Sunday, August 30, 2015

Impact: Where do participants come from?

It's always great to see where participants come from! Just as for last year, we like to see where what kind of an impact we're having. Is this a local thing, is word spreading, are people traveling to our region? Well yeah, all of the above!

Now find yourself on this map:

And here is last year's map to compare/contrast:

Thursday, April 30, 2015

Survey Says:

We are strong believers in Bicycle Tourism. While Redlands is not a rural community, like many small towns, it does rely heavily on retail sales and individuals spending discretionary money in the city. Along these lines, Redlands is positioning itself to be a destination city. This obviously supports local businesses which employ residents as well as providing sales tax to fund much of the civic budget. Given that, we would like to see bicycle tourism added to the consideration as a viable economic benefit to our community!

In additional to hospitality and general retail, there are several bicycle-related businesses also located in town, including two retail bicycle stores, a bicycle parts wholesaler, an athletic clothing & shoe company, and a community bicycle repair and education source.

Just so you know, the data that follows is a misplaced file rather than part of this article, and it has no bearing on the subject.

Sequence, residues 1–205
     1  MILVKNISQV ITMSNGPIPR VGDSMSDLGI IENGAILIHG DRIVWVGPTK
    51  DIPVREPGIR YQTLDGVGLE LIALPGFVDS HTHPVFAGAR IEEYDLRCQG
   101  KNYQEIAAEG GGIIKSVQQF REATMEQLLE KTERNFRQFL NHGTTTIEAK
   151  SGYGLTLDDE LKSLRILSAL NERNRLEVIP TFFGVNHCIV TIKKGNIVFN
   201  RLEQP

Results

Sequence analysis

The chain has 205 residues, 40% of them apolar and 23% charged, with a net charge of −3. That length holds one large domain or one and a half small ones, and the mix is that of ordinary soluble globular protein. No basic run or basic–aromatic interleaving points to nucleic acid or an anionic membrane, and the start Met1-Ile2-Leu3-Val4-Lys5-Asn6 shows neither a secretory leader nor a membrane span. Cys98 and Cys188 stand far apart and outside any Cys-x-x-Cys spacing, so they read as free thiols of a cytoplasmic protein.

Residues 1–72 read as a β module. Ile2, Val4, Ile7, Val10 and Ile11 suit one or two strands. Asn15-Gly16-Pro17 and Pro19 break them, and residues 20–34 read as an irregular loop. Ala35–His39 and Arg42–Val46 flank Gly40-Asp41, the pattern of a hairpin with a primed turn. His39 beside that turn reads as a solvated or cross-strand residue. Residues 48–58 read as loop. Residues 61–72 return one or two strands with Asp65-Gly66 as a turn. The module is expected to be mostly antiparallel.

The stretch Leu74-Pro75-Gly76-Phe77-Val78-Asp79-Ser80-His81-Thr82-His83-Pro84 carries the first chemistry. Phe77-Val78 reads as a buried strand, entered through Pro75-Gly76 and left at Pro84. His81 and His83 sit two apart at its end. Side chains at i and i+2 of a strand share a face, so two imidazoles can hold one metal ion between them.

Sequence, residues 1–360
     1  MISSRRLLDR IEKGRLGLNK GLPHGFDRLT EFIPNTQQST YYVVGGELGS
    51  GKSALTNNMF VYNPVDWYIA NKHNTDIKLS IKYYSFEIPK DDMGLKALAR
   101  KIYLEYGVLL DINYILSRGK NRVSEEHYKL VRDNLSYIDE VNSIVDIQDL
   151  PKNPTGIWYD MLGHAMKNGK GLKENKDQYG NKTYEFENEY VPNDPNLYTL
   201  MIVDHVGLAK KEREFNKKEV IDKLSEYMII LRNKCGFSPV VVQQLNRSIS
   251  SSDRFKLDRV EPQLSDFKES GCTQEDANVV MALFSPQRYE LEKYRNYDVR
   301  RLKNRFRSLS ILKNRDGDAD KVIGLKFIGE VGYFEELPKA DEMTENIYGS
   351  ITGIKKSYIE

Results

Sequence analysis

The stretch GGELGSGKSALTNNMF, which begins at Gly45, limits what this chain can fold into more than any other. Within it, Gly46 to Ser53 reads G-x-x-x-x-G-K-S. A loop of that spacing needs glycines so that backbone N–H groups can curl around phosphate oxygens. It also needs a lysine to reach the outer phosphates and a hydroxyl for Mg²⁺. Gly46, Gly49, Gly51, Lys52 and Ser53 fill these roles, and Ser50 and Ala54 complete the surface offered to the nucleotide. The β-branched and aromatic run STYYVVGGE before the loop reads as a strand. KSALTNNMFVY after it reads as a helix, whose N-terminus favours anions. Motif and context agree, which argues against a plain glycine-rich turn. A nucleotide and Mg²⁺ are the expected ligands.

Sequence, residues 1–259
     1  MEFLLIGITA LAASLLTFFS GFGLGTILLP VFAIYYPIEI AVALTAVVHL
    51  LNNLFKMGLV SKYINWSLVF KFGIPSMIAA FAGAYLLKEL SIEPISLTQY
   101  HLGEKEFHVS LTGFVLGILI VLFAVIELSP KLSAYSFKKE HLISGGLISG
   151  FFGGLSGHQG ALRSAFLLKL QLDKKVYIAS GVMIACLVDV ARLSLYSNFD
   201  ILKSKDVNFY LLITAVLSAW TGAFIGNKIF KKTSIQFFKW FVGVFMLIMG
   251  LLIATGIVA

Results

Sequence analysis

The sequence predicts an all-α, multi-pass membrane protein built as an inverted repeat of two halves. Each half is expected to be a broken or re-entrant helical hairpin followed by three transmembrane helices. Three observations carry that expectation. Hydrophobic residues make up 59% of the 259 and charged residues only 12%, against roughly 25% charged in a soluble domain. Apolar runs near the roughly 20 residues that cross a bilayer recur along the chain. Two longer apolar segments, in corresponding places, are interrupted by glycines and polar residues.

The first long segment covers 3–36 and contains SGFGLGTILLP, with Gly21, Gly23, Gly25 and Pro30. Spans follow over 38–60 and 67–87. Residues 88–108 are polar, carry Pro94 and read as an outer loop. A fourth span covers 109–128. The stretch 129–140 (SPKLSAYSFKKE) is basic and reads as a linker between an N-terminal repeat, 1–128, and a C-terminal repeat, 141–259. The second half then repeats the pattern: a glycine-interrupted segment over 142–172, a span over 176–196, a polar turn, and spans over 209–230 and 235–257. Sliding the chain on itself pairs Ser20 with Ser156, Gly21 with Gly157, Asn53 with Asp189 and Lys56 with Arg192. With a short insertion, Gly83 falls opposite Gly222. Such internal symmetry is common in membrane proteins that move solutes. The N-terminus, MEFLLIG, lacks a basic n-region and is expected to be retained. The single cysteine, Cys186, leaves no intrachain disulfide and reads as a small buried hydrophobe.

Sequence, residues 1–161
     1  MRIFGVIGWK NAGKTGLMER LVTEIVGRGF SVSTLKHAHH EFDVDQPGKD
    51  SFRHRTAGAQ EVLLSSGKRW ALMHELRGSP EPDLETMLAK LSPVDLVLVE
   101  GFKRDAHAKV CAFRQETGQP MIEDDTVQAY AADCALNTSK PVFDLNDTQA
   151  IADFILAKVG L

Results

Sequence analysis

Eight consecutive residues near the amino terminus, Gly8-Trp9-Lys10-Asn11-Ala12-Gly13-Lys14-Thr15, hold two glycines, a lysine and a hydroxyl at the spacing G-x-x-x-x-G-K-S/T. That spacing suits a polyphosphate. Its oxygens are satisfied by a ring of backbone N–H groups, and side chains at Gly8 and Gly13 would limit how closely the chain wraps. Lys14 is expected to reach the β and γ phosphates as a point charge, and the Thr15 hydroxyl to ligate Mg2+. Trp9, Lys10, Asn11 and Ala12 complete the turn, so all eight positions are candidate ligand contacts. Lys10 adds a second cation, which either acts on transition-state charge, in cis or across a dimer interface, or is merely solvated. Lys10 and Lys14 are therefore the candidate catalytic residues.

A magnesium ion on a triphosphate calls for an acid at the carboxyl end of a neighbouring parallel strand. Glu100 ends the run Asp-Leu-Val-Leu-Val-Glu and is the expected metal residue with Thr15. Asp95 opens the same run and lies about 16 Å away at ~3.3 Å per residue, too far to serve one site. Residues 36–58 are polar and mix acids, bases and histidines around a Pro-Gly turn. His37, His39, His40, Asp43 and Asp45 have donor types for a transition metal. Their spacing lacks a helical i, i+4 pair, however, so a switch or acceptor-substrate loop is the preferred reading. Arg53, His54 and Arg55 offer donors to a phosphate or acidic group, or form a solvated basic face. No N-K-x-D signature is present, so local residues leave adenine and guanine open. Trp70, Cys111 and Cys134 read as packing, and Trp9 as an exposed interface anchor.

With this in mind, we wanted to see what kind of a financial benefit a one day cycling event would have on our community. A survey was sent out to all the registered participants of the 2015 Redlands Strada Rossa. Our goal was to find out approximately how much money was spent IN Redlands specifically, but also to highlight the amount of money that recreational cyclists spend in general.

We also used this opportunity to seek out suggestions for improving the event, as well as to find out the things that really worked on this one!

Lastly, we asked how many respondents would come back to Redlands for another bicycle-related event.

All questions and results can be seen by following this public link:

We compiled the responses from the survey, and came up with the following results:
  • The 55 respondents spent a total of $11,060 specifically related to the RSR. That could include anything from nutrition, tires, a bicycle frame, gas and lodging, etc. 
  • That $11,060 total averages to $201 per respondent!
  • We went on to ask how much of that was spent specifically in the City of Redlands. The total which included food ($1,462), lodging ($605) and the catch-all "other" category ($2288) adds up to $4,355.
  • That in turn averages to $79.18 being spent per person in Redlands.
  • Nearly 40% of total expenditures were made in Redlands.